Keeping your senior loved one’s morning and bedtime routines the same regardless of the time will help them adjust to Daylight Savings Time. It’s the routine that helps signal to their brain that it’s time to wake up or time to go to sleep so keeping their morning and bedtime routines the same will keep the signals consistent and provide some stability to make the change easier.

Avoid Naps

The first few days your senor loved one may be very tired or tired and irritable during the day. Even though they may want to sleep during the day try to keep them awake and active during the day. That will help them be tired enough at night to sleep through the night and get adjusted to the time change. If you are gone at work during the day a personal care at home provider can help keep your senior parent from taking naps by engaging them in playing games, watching movies, or taking them out for a walk.

Cut Back On Caffeine

Any substances like caffeine that can interfere with sleep or act like a stimulant should be avoided during the transition to Daylight Savings Time. If your senior loved one isn’t about to give up their coffee in the morning that’s fine, but encourage them to drink tea throughout the day instead of more coffee or drinks like sodas that have caffeine in them.


If you or an aging loved one is considering personal care at home in Woodbury, MN, and the surrounding areas, please contact the friendly staff at CareBuilders at Home Minnesota. Call today 612-260-2273.

As you take care of your elderly loved one, you will likely be over at their house quite a bit. Even if you live farther away, you will likely see your elderly loved one’s home over video chats. When you see their home, you should take some time to look at the placement of furniture, how bright the house is, and other aspects of the home. Many senior citizens need home modifications to help them stay safe and comfortable. Your elderly loved one might need these modifications in their house, too.

Improving the Lighting

One of the home modifications that your elderly loved one might need is improved lighting. There are a lot of senior citizens who can’t see well. As the hours slip away and the house starts getting darker, if the lighting isn’t bright enough, your elderly loved one could easily trip and fall. The safest option would be to get better lighting in their home. There are numerous ways this can be done. You can place lamps throughout your elderly loved one’s house. You can also put motion sensor lighting or nightlights throughout the home, too.

Put Safety First by Removing Clutter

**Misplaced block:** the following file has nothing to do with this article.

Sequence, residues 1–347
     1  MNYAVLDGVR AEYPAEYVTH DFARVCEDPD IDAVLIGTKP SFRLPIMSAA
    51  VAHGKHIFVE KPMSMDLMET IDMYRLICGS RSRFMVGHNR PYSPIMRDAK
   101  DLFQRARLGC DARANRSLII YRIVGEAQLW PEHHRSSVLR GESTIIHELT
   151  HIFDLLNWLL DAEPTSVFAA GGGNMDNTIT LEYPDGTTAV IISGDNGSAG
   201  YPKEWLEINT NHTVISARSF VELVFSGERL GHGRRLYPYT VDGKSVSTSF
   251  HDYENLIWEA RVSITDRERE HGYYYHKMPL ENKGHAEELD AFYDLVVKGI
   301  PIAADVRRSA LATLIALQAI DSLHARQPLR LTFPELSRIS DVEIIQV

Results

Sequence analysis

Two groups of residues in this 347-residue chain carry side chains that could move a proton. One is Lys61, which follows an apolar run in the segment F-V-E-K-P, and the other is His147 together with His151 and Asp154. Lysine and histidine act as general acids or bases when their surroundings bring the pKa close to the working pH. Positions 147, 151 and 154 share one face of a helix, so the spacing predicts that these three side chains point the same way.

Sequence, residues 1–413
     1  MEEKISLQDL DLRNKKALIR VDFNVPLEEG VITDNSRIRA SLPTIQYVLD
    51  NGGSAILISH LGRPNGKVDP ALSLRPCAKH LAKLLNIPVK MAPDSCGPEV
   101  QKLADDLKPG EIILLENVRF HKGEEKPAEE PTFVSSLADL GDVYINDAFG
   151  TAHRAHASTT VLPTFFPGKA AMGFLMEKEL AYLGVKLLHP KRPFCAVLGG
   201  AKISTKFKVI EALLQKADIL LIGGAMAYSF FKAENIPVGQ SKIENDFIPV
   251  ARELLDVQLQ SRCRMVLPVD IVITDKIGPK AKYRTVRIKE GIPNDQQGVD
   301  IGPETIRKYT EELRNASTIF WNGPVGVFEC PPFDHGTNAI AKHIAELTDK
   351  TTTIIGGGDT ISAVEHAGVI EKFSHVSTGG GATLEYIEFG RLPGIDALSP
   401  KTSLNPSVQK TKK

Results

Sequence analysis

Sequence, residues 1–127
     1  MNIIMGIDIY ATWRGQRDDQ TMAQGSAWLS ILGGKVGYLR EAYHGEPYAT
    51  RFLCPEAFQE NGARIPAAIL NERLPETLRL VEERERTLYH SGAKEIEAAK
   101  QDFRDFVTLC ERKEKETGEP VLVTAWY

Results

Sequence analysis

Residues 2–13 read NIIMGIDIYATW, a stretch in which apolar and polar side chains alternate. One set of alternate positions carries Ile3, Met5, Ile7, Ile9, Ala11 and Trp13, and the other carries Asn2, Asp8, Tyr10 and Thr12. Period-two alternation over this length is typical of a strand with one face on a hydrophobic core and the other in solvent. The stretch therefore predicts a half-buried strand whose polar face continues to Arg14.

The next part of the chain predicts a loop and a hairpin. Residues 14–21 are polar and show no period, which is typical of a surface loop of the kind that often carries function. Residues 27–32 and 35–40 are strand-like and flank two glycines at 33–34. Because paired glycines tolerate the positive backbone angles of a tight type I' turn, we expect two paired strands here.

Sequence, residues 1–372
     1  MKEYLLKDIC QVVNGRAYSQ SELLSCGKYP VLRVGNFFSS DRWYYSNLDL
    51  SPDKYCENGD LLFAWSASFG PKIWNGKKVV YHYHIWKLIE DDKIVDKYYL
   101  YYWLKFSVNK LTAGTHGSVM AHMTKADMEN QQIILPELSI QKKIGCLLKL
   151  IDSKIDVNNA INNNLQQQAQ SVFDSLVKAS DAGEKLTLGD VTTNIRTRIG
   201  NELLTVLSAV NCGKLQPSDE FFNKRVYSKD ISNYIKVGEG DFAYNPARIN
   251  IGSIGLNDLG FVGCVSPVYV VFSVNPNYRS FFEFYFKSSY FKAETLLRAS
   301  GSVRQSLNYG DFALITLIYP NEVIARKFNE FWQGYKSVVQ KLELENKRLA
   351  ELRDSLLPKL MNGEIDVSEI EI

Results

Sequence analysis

Your elderly loved one might enjoy keeping a lot of things such as electronics, furniture, collectibles, papers, and other things. It is okay for people to enjoy doing this to hold onto memories or to keep things that are important to them. However, if these belongings are starting to make a mess in your elderly loved one’s home, it would be a good idea to go through it all with them. Explain to your elderly loved one that clutter can increase the risk of a fall, a fire in the house, and increase stress of everyone in the home, too. Your elderly loved one doesn’t have to get rid of everything. However, even going through it all and organizing things can help a great deal.

Cleaning the Entryway and Bedroom

Two of the places where your elderly loved one will be at a lot are the entryway and bedroom. These two rooms should be kept clean and organized as much as possible. Some things that you can get to help your elderly loved one do this include:

  • Shoe rack
  • Coat hanger
  • Cubed organizers
  • Hangers
  • Portable closet

These modifications can help your elderly loved one to keep their entryway and bedroom clean. If needed, you or a companion care at home provider can remind your elderly loved one or help them to keep these areas of their home clean each day or week.


There are many home modifications that could help your elderly loved one to be safer and more comfortable. The options above are a good place to start if you are helping your elderly loved one to achieve this goal.


If you or an aging loved one is considering companion care at home in Plymouth, MN, and the surrounding areas, please contact the friendly staff at CareBuilders at Home Minnesota. Call today 612-260-2273.